It's interesting that I stumbled across this issue because I've recently been considering what I can do to help prevent climate change on a personal level. I understand that I am only one person, and that in a world with almost eight billion people, my efforts may appear to be a drop in the bucket, or spitting in the ocean, or whichever metaphor you prefer.

I began reading publications on the subject and discovered that we were already implementing many of the proposed climate change solutions.

-Improve the efficiency of your home's heating and cooling systems:I have lived in two houses in the last twenty-five years. Both were renovated extensively to make them more energy and weather efficient.

I'm also a stickler for shutting off lights in rooms that aren't in use, which saves money and energy. When it comes to lights, these compact fluorescent lights have long since replaced all of the bulbs in the house.

LED lighting has replaced the majority of our ceiling lights. All of this is, once again, more energy efficient.

-Recycle:I have been recycling everything possible since before the current focus on climate change. Our local recycling center receives aluminum cans and any other metal we might otherwise discard, including used and damaged appliances. The same can be said for any discarded paper or cardboard. It's all recycled.

-Anything biodegradable should be composted: I've had a compost pit for years, where we bury any and all biodegradable waste. Everything goes in the compost pit, including potato peelings, banana peelings, eggshells, and leftover food. It's an excellent garden fertilizer. Coffee grinds can also be kept and used as fertilizer for plants and flowers in the garden.

-Cars that run on electricity:There is a push for hybrid and completely electric vehicles, and we are all in favour of purchasing them. Electric car prices may begin to fall in the future. Electric cars can cost up to $55,000.00, but according to Car and Driver, the expense is mitigated by the fact that they require less maintenance over time. Even so, many middle-class workers cannot afford such a large sum of money.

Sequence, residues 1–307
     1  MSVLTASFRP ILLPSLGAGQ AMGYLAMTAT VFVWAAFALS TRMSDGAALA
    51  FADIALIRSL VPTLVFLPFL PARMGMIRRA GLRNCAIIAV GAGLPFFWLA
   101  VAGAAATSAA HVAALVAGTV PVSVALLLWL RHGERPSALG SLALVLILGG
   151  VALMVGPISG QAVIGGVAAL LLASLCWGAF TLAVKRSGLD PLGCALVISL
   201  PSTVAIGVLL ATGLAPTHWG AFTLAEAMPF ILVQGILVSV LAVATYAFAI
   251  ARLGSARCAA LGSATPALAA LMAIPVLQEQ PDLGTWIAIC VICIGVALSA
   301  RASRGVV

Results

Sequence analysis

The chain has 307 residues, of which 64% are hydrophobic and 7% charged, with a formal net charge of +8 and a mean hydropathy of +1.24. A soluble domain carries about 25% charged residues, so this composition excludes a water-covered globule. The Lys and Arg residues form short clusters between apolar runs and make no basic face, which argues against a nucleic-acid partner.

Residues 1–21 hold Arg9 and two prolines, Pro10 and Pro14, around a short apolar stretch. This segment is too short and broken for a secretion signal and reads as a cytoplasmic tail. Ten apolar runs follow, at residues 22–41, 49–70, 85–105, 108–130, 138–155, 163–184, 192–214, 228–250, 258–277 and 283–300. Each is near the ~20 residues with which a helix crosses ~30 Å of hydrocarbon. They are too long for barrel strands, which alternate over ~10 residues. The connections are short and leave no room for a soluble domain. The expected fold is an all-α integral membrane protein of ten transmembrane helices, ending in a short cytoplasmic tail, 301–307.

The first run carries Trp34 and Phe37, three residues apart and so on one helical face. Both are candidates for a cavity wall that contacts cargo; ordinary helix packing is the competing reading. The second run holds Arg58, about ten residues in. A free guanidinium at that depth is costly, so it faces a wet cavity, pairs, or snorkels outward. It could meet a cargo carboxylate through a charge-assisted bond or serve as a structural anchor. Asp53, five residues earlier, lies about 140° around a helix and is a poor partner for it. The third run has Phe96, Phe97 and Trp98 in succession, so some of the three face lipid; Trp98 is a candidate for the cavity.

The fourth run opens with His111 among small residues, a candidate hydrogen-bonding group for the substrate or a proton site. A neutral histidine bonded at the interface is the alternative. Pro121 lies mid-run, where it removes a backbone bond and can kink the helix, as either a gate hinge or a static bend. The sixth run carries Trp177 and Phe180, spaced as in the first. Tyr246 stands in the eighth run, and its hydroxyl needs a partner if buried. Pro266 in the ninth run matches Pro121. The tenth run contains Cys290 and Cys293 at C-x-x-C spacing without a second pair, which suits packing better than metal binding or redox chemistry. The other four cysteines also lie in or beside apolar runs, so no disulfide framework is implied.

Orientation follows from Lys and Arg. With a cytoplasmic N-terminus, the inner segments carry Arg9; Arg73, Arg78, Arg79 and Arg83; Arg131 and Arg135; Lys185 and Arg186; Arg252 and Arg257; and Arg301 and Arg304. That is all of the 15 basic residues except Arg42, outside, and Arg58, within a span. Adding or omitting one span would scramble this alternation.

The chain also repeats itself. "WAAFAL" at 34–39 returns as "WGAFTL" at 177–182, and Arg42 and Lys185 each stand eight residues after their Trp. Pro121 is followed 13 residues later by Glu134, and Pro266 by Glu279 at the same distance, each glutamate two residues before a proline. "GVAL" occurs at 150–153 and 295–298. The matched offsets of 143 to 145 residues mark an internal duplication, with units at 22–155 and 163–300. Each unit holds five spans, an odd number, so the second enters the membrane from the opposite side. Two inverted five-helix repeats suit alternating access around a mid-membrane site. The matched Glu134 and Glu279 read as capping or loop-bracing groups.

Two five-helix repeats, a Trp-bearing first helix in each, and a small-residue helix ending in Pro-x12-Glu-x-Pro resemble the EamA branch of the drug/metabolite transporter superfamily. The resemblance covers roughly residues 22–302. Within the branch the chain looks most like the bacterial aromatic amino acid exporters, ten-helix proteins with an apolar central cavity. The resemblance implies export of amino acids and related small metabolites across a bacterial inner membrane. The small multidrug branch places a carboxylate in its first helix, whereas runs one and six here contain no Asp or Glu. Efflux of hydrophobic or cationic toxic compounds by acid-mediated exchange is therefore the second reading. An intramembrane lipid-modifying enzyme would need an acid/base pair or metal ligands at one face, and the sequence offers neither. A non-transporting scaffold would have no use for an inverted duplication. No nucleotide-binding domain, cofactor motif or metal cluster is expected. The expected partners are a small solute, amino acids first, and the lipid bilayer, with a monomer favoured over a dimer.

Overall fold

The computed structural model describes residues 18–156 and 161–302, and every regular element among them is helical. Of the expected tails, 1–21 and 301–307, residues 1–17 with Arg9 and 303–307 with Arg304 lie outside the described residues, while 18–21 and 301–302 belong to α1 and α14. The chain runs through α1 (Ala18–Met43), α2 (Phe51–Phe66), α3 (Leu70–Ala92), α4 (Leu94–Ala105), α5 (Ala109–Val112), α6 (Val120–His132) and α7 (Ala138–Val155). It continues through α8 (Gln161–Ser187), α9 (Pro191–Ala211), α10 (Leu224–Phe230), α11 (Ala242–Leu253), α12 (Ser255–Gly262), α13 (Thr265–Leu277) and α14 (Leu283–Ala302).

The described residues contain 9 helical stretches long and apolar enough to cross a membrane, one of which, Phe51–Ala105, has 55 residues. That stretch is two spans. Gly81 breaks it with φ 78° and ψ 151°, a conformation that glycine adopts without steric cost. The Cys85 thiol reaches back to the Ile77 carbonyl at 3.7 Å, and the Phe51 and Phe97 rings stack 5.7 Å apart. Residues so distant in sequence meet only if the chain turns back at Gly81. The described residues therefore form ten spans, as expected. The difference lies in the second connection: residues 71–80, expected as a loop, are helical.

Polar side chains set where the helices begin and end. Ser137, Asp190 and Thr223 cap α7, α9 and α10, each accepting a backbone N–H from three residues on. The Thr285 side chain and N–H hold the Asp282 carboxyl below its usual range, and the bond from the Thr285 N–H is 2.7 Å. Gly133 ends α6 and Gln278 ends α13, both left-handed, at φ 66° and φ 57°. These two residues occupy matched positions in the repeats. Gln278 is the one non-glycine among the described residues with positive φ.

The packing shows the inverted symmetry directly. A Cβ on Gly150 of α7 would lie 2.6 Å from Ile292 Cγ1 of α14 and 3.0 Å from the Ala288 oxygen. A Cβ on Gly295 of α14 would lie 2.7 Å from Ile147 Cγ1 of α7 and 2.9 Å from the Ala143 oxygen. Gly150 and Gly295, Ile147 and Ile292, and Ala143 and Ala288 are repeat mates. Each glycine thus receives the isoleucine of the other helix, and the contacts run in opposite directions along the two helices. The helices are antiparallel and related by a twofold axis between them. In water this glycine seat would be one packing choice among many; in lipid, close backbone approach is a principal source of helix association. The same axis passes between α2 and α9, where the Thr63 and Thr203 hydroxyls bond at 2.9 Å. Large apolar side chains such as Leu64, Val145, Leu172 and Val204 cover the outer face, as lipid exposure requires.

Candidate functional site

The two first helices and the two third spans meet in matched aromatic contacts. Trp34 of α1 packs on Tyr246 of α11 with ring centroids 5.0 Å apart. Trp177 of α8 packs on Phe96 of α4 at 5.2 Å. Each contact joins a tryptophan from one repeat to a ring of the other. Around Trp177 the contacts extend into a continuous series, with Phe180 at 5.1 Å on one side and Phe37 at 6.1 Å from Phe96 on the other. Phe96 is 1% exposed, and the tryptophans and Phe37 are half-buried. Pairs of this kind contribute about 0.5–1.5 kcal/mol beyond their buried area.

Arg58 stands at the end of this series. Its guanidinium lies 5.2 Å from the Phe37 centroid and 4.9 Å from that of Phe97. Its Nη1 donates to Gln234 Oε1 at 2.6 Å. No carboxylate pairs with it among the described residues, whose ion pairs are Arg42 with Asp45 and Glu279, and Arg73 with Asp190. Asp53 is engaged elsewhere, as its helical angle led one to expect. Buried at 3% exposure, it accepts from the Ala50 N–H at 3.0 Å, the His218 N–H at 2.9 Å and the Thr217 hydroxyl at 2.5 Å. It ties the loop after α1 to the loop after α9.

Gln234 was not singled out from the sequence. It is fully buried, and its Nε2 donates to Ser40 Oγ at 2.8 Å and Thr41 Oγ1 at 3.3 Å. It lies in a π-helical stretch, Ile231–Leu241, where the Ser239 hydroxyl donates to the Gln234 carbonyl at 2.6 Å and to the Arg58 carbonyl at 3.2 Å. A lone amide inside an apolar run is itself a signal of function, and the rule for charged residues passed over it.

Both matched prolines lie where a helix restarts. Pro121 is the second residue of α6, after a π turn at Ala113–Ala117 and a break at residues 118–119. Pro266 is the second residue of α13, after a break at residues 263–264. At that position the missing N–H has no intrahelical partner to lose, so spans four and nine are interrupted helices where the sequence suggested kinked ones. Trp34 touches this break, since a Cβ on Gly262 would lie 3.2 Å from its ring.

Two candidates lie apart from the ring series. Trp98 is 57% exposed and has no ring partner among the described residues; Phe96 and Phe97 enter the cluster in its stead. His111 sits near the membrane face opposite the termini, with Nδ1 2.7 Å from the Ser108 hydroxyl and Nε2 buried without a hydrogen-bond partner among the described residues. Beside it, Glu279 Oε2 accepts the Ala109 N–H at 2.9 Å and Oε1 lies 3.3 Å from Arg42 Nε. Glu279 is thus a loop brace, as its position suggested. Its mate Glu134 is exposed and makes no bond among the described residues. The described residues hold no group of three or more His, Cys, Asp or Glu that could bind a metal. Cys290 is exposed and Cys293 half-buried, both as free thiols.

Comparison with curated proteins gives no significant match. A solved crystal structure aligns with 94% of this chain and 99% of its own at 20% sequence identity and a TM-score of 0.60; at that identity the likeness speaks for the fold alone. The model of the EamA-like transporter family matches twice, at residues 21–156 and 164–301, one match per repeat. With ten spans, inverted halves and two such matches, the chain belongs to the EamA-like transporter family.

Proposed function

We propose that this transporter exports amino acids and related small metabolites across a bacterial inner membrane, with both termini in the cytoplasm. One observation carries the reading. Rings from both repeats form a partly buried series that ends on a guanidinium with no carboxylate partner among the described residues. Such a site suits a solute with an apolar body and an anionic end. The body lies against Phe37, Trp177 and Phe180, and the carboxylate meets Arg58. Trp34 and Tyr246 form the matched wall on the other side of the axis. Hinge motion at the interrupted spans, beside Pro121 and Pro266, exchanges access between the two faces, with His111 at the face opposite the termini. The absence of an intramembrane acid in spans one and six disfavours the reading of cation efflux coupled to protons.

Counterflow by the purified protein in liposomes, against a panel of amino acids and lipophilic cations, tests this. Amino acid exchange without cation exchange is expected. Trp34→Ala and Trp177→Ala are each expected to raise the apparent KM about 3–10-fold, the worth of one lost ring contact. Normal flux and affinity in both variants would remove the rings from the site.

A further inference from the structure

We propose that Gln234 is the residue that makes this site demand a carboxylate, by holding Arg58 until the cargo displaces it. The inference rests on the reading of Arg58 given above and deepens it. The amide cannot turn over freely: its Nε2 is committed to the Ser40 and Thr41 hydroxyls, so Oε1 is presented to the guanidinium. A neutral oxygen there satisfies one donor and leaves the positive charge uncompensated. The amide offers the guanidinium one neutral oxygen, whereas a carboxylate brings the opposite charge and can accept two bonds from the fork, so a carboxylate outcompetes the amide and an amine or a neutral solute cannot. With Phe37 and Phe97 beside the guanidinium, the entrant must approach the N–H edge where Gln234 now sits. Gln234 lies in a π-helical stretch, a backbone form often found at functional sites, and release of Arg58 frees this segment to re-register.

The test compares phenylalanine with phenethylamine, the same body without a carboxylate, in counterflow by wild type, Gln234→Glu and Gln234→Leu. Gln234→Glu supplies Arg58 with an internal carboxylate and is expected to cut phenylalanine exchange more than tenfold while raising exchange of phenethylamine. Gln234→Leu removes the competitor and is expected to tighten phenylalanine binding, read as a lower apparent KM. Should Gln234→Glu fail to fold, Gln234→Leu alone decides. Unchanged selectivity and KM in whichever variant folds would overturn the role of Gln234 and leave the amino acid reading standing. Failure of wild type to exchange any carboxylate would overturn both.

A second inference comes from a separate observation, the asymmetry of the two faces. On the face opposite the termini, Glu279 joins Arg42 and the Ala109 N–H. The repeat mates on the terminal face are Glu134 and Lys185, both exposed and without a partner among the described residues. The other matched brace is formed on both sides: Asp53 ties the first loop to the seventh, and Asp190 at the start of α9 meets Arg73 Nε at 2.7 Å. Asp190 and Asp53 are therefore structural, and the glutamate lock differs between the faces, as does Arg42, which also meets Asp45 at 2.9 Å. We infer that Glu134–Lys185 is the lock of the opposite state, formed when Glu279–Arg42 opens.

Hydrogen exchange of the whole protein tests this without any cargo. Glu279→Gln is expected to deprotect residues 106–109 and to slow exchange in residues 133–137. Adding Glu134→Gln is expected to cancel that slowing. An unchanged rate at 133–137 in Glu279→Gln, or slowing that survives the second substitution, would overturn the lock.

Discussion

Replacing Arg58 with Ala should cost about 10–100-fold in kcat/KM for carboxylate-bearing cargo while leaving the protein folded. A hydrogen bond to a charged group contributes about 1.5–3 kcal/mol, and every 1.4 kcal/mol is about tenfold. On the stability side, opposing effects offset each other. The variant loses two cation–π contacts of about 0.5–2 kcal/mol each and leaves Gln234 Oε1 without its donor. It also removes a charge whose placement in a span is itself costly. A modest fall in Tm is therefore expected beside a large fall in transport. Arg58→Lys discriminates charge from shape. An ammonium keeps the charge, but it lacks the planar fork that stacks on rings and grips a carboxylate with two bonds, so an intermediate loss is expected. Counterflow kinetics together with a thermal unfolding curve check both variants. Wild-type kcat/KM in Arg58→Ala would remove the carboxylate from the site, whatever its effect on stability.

I am also a school bus driver in addition to being a medical practitioner. A typical diesel-powered school bus will set you back roughly $100,000.00. Electric school buses can cost up to $400,000.00.After that, school districts must work with local utility companies to establish charging stations for the electric buses.

Right now, small school districts like ours cannot afford a fleet of such.

The drawback to all of this is that it requires everyone to come on board. Of course, not everyone agrees with the answers to climate change.

We can establish a culture and civilization in Africa that is reliant on fossil fuels. We still have a long way to go before we can stop using it. But I like to think that what I've done thus far is a start.

One more thing to consider. I've always wanted to acquire some land in the country and create an off-the-grid cabin. I've been researching solar panels and rainwater filtration systems, as well as thinking out how my wife and I might make this a reality.

My point is that we must begin someplace. The more of us who participate, the better.-